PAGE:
Nothing screams a vacation like curling up with a cozy, sweet romance right? The title Love, Hate And Other Filters shouted out me as just what I needed to try and enjoy the hot, sultry summer in the southern part of India. And you what enticed me more – Love, Hate And Other Filters is an #ownvoice book with a Muslim representation, which is kinda rare. So how did it fare, read ahead to find out.
Maya Aziz, a typical 17 year old American high schooler loves Indian food and making movies. Her Indian born parents do not take her aspirations to become a film maker seriously and want her to settle down with a serious guy soon.
Maya has a huge crush on Phil for years, who is already in a relationship. Meanwhile, her conservative parents set her up with Kareem who seems to be a safer bet given their common heritage and family background. Should she stand up against her parents’ wishes for just a ‘maybe’ guy? Or should she try to focus on career like her rebellious aunt Hina?
Her almost perfect world shatters following a terrorists’ attack on the USA. She and her family become the victims of Islamophobia. How does religion affect Maya’s life? Read Love, Hate And Other Filters.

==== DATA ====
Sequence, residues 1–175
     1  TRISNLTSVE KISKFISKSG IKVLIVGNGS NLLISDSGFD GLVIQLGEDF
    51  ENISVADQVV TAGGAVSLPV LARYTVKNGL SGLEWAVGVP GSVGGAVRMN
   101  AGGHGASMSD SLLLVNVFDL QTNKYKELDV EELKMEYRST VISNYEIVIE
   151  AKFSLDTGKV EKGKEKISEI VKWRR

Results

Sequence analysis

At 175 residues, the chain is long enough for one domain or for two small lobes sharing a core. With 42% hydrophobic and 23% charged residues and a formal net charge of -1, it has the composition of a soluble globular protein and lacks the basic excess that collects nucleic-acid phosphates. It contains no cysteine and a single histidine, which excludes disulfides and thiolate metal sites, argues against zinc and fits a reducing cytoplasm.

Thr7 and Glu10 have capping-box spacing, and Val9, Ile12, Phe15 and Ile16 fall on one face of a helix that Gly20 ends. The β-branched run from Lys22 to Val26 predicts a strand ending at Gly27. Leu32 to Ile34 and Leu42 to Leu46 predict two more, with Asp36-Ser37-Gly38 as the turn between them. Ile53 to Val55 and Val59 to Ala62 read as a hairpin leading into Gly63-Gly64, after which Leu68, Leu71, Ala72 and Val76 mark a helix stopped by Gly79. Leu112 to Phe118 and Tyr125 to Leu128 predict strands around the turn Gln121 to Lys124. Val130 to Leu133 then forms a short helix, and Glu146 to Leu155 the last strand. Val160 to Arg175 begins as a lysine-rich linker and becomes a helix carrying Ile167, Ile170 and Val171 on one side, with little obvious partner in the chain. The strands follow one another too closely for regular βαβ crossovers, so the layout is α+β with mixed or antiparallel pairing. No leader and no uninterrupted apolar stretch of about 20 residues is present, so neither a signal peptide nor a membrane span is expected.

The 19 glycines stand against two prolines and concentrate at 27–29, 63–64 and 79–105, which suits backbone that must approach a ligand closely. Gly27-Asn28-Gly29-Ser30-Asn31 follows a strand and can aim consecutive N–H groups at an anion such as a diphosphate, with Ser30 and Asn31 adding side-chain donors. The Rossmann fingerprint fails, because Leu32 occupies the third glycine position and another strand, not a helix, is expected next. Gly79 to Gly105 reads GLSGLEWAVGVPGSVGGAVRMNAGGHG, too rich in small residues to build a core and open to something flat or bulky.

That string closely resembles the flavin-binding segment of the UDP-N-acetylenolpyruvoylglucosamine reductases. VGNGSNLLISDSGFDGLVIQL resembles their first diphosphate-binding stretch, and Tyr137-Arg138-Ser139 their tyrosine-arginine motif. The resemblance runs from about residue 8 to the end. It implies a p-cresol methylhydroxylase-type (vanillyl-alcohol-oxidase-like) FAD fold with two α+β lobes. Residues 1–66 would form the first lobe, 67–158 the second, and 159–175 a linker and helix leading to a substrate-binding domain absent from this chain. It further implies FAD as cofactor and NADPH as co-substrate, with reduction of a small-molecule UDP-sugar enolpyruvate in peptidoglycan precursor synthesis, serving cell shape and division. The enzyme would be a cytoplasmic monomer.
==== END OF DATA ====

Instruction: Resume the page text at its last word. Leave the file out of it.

Love, Hate And Other Filters is a witty and fast YA romance. I finished reading the book in one sitting and the setting reminded me so much of When Dimple met Rishi. When I am not such a big fan of lovesick female lead, I loved how the book spoke so much about Indian culture, even though it was a bit over the top at places.
I like my protagonists to be fierce, interesting – erm.. just not bland. Unfortunately Maya was just that. And her ‘relationship’ with Phil had no base except that they knew each other. where is the damn chemistry? Phil you can definitely do better.
I loved Violet, the protagonist’s friend and how fiercely loyal she was to Maya till the end. Phil and Hina were totally cool too. The other Indian characters, especially Maya’s parents were too stereotypical. I mean there is only so many of over dramatic Indian mothers one can read about without rolling one’s eyes.
Love, Hate And Other Filters did okay at being an American-Indian representation, but it is definitely not an accurate Muslim representation. Love, Hate And Other Filters doesn’t talk about Maya’s religion at all, except when it is used against her. Maya’s family might be liberal Muslims but even that message doesn’t reach clearly. If it were not for her last name, one might not even know she is a Muslim, which is definitely not a good representation.
If you are looking for a YA with light romance or an own voice book you can choose Love, Hate And Other Filters right away.
Have you read Love, Hate And Other Filters? What do you think about it? Have you read any other book with Indian or Muslim leads and you liked them better? Let us discuss, I love some books with better representations, especially #ownvoices.